The crossover flap ties right under the armpit. Extant robes are generously cut at the armpit, so this isn’t as high as it might be on, say, a T-shirt, but it’s clearly in the chest region, not near the waist.

The crossover is straight. The current Mongolian crossover, which curves up to attach near the throat before slanting down to the attachment point, is a later invention.

The inner flap is a half-width, not a full width. Most reconstruction patterns make the inner front flap the full width of the garment, but from what I can tell of the few extant robes that show details of the flap layout, the inner front flap is only half-width. This is the same way traditional Chinese robes and modern Mongolian deels are cut. It gives enough overlap to prevent the garment from flapping open when the wearer walks, but reduces the buildup of layers the wearer would have to deal with when they put on two or three robes at a time.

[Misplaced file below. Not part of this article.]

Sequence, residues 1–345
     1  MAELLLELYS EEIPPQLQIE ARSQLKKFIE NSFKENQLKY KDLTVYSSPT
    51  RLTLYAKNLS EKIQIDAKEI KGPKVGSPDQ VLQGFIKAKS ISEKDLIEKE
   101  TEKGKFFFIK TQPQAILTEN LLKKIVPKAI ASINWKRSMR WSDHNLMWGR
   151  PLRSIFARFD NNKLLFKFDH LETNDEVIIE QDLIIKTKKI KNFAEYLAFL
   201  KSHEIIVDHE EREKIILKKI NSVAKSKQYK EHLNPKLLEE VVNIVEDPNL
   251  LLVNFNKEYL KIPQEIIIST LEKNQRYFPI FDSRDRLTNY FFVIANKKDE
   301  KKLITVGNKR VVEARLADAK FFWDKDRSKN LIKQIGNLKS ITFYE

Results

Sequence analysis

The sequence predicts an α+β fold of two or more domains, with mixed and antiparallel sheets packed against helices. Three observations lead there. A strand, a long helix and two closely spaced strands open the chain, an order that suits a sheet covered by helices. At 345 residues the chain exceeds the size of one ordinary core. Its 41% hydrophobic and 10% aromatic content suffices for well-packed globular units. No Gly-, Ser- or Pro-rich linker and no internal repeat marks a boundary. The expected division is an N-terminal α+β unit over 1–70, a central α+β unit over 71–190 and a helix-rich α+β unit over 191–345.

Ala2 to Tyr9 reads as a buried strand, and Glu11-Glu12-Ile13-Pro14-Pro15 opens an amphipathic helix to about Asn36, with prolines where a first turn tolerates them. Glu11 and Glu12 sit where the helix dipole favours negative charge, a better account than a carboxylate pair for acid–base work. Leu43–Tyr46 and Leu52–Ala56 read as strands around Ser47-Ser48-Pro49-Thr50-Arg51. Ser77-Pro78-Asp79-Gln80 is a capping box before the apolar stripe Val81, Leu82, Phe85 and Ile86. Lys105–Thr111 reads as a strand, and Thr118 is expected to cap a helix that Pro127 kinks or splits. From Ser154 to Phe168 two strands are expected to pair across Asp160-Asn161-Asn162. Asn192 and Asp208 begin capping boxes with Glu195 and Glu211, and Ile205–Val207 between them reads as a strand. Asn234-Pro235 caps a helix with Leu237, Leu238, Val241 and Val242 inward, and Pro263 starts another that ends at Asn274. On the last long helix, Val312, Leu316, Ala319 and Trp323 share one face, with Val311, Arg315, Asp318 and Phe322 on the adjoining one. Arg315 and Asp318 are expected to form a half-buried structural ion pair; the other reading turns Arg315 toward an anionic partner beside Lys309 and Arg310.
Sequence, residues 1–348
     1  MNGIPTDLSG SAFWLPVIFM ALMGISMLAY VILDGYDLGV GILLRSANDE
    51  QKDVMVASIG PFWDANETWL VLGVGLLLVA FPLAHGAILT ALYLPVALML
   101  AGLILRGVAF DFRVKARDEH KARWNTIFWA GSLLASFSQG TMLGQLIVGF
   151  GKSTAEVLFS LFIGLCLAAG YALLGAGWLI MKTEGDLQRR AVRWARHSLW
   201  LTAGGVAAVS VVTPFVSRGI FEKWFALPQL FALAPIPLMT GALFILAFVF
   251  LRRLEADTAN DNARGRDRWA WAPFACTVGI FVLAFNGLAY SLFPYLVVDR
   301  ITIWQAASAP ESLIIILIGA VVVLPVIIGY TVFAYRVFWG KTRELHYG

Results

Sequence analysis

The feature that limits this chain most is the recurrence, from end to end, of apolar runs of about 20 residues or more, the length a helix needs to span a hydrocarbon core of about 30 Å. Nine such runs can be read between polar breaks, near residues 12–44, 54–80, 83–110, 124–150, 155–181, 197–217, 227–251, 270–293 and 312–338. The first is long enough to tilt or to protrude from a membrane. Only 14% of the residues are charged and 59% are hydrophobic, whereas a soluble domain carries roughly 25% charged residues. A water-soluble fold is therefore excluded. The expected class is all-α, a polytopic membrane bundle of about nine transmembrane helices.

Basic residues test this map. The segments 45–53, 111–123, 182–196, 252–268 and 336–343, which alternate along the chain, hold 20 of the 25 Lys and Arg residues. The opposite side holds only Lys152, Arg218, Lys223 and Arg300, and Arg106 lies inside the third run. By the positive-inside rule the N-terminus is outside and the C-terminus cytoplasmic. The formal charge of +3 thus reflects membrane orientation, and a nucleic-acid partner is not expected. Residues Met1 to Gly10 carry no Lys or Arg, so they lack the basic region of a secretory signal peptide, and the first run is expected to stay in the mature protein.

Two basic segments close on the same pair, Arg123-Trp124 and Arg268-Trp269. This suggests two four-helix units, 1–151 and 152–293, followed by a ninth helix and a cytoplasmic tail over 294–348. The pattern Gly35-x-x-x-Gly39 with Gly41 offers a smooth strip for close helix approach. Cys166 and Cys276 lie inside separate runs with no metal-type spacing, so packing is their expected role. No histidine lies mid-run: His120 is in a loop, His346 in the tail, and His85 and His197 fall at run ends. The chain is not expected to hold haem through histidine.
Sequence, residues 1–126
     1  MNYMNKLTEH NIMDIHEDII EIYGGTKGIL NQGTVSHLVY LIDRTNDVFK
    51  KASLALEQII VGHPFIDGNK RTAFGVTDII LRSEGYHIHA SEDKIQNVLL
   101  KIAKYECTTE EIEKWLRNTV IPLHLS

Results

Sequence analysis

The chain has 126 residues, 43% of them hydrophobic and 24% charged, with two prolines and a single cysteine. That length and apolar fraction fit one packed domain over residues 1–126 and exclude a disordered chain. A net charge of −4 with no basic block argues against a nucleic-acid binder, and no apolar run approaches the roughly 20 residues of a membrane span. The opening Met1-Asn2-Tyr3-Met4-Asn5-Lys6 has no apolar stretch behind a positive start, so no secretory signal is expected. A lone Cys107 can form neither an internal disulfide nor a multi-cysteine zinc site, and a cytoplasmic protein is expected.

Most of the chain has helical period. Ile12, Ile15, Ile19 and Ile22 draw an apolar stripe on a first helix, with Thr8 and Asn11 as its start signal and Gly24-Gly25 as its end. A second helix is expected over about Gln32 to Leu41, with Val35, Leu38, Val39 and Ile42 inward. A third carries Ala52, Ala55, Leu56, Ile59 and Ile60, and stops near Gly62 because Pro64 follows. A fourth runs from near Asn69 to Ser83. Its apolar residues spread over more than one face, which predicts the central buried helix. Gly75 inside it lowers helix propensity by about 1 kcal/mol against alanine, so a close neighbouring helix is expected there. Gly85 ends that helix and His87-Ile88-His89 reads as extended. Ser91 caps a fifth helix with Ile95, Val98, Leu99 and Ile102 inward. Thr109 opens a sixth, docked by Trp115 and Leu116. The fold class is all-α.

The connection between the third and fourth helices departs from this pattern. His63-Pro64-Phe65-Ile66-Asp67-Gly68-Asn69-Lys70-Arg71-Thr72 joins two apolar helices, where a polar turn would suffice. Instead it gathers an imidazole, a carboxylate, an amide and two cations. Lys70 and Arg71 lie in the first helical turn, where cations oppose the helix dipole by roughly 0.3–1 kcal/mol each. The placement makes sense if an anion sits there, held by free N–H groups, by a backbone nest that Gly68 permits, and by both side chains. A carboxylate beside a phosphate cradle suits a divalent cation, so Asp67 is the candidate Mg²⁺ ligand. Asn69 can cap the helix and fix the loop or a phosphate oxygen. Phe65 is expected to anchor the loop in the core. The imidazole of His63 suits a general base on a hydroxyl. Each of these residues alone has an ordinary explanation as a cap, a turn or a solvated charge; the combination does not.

The robe can cross left to right or right to left. I haven’t analyzed whether a given direction is more common in one area than another, but it doesn’t appear to be significant to the wearers.

The collar is depicted as lying flat, although the collars on extant robes are cut small enough that they look like they would stand up against the neck at least partway.


Trousers are shown in illustrations so rarely that I suspect the Ilkhanids considered them a boring, functional garment unworthy of depiction. Even when someone wears a robe short enough to come just to the tops of the boots, illustrators would rather make the bottom of the robe billow out like full trousers than show trousers.


The toe is pointed, but not curled. Curled toes are a later invention. A poulaine with a modest point is a better reproduction of the basic shoe shape than any of the “Mongolian” shoes on the market.

In at least one illustration, the back of the heel of a low shoe rises a couple of inches above the shoe, much like a poulaine.

In illustrations, shoes are almost universally black. Reality, or artistic license? I have no idea.